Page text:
Feb. 27, 2018
Support the show, consider donating: BTC: 1CD83r9EzFinDNWwmRW4ssgCbhsM5bxXwg ETH: 0x8cdb49ca5103Ce06717C4daBBFD4857183f50935 We’re joined by Jeff Garzik, who was among the very first developers to work with Satoshi in the early days of Bitcoin. Later, he was a core developer at Bitpay and even tried to put a Bitcoin node on a satellite in space. Today, he is co-founder at Bloq, a company providing enterprise-grade blockchain infrastructure. Bloq recently announced a new project called Metronome that challenges some of the design and governance principles of many public blockchain networks. Metronome is cryptocurrency that sits on top of existing blockchains and aims to allow tokens to easily move from one network to the other. A series of standard blockchain contracts allow for daily descending price auctions to occur automatically, and for users to buy and sell the tokens using a Bancor-like system with built-in liquidity. Topics covered in this episode: Jeff’s background as a web developer at CNN and as a Linux developer His early days in Bitcoin working with Satoshi His thoughts on Bitcoin governance and lessons learned from the Segwit2X episode The lessons learned from founding Bloq What is Metronome and what problem does it aim to solve Metronome’s self-governance and how the system is meant to evolve The different smart contracts which make up Metronome How Metronome allows MTN tokens to move to different blockchains The economics of the protocol and the descending price auction system The upcoming Metronome token sale and development roadmap Episode links: Metronome: The Built-to-Last Cryptocurrency Metronome Owner's Manual Metronome FAQ Metronome Git Repo DSS - Dunvegan Space Systems, Inc The Long Now Foundation Bloq This episode was hosted by Brian Fabian Crain & Sébastien Couture, and is availble on YouTube, SoundCloud, and our website.
Feb. 21, 2018
Support the show, consider donating: BTC: 1CD83r9EzFinDNWwmRW4ssgCbhsM5bxXwg ETH: 0x8cdb49ca5103Ce06717C4daBBFD4857183f50935 That decentralized networks represent a massive investment opportunity is no longer a controversial view. In the last year alone, over 200 funds dedicated to investing in cryptoassets have been created. But the principles and frameworks to understand this new world are still in its infancy. One fund at the forefront of advancing this understanding has been Multicoin Capital. Their Founders Kyle Samani and Tushar Jain joined us to discuss some of the concepts they use to invest in decentralized networks. Topics covered in this episode: Google Glass and the origin story of Multicoin Capital Why the most used smart contract platform will produce the winning store of value Why they are bearish on Bitcoin Why money is best thought of as an adjective not a noun Differentiating between work, payment and burn-and-mint tokens Why work tokens capture network value better than payment tokens The future of Multicoin Episode links: Multicoin Capital Website New Models for Utility Tokens Blockchains: A New Social Order The Smart Contract Network Fallacy The Opportunity for Interoperable Chains of Chains Multicoin Capital Podcast This episode was hosted by Brian Fabian Crain & Meher Roy, and is availble on YouTube, SoundCloud, and our website.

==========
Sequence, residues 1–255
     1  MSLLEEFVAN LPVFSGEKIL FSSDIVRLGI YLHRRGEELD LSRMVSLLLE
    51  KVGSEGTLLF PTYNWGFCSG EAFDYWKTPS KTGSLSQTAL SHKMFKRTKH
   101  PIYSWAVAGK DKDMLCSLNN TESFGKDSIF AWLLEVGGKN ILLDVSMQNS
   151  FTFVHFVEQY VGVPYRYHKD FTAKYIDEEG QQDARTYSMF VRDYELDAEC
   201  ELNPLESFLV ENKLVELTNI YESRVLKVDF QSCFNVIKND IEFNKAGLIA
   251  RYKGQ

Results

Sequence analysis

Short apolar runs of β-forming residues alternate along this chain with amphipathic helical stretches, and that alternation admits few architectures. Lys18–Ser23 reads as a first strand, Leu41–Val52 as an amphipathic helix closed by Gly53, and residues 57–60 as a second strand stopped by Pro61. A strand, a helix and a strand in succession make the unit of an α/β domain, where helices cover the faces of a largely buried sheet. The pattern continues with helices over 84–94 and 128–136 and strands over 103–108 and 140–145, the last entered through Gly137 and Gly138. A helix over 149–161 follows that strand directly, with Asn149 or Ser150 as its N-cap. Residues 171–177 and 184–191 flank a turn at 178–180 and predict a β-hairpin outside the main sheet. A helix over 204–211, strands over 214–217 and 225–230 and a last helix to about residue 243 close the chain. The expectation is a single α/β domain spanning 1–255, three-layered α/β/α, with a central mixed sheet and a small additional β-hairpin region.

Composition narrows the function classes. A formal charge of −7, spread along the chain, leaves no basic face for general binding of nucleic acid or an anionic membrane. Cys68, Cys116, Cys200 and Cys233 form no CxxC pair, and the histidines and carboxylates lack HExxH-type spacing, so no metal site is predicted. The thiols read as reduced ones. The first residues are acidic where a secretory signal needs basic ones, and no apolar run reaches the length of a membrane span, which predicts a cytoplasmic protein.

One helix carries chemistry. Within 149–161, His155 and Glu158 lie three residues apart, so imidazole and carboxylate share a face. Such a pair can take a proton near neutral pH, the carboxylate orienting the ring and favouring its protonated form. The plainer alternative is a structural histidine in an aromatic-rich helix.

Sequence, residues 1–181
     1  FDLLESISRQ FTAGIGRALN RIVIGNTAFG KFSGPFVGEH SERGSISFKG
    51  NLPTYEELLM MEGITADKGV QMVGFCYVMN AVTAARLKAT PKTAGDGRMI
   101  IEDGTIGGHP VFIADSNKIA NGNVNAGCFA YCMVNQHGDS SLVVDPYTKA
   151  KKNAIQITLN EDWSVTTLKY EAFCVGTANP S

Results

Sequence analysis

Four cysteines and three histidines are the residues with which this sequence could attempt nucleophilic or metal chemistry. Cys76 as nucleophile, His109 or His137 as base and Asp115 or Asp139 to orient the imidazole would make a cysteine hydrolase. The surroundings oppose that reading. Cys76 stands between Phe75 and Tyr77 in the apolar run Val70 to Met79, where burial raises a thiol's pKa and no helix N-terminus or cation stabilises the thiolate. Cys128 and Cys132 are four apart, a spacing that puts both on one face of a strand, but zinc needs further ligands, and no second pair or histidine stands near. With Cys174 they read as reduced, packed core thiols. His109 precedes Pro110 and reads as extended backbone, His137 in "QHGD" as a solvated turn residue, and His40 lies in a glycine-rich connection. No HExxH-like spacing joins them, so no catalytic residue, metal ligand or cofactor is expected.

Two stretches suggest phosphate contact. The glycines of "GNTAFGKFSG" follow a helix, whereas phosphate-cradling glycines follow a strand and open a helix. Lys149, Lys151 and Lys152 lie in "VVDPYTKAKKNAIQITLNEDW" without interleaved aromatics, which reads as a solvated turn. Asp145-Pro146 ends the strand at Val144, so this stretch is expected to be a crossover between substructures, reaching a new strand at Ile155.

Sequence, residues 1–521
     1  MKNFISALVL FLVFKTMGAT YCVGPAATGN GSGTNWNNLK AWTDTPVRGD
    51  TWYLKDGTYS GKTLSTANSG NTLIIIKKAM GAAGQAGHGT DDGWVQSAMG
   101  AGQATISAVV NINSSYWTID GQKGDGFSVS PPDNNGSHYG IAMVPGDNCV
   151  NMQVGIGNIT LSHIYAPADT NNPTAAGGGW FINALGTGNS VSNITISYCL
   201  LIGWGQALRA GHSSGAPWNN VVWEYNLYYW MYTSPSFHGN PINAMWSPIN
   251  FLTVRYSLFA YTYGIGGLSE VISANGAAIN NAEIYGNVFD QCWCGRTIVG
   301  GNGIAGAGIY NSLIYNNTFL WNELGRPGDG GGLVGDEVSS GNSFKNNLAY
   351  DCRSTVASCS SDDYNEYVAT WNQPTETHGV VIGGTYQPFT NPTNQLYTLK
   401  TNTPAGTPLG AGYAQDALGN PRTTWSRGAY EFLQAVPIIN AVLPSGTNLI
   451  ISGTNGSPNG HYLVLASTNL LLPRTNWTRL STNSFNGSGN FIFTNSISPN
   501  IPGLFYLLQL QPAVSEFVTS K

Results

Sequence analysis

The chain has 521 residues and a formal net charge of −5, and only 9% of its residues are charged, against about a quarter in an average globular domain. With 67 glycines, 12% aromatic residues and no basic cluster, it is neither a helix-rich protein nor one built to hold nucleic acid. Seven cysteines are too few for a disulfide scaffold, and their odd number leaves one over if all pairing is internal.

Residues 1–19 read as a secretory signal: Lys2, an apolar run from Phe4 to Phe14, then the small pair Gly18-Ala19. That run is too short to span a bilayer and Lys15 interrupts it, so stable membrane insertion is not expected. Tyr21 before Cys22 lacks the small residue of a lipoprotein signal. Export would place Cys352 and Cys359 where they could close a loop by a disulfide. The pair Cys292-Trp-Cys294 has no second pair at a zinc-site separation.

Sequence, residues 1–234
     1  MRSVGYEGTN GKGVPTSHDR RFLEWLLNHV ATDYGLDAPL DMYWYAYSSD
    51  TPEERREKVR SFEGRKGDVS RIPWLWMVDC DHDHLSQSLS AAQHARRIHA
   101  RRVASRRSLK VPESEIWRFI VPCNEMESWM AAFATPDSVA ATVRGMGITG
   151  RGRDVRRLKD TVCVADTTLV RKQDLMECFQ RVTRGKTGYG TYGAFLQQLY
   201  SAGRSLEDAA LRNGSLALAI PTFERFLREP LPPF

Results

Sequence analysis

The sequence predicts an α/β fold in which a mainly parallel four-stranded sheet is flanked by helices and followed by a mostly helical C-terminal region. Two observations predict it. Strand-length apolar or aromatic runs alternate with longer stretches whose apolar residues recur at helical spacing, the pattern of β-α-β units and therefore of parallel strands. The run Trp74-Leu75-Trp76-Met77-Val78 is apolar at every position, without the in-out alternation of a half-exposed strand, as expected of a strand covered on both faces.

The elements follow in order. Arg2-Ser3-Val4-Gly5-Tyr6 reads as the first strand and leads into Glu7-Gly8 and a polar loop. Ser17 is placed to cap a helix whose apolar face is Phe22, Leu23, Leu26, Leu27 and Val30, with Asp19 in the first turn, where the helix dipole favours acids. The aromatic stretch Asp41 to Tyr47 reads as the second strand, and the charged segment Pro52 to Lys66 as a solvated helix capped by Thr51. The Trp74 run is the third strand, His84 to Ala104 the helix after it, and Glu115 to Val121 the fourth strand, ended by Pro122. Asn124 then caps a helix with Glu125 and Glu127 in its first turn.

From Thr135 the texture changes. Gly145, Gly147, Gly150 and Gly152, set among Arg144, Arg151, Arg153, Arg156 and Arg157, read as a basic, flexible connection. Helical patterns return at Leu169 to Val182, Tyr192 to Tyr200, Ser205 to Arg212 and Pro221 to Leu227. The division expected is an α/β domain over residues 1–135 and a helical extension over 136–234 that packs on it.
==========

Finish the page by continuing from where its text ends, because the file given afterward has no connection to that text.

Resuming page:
Feb. 16, 2018
Support the show, consider donating: BTC: 1CD83r9EzFinDNWwmRW4ssgCbhsM5bxXwg ETH: 0x8cdb49ca5103Ce06717C4daBBFD4857183f50935 Decentralized exchanges have been a holy grail in the cryptocurrency space, since at least the MtGox hack. They promise to derisk the act of exchanging cryptocurrency by leaving custody of funds in the hands of the users. And they should be resistant to regulatory pressure, creating a permissionless way to trade cryptocurrencies. Among decentralized exchange projects, 0x has gained by far the most traction in the short time since launching. Co-founders Will and Amir joined us to discuss the 0x protocol, the emerging 0x economy and the vibrant community they’ve built. Topics covered in this episode: How Will and Amir started 0x The definition of a decentralized exchange and why decentralized custody is key The 0x architecture Why 0x built a protocol and not just a decentralized exchange The role and business model of relayers The 0x token and its economy The 0x governance process Episode links: 0x: The Protocol for Trading Tokens 0x Whitepaper Front-running, Griefing and the Perils of Virtual Settlement (Part 1) Front-running, Griefing and the Perils of Virtual Settlement (Part 2) This episode was hosted by Brian Fabian Crain & Meher Roy, and is availble on YouTube, SoundCloud, and our website.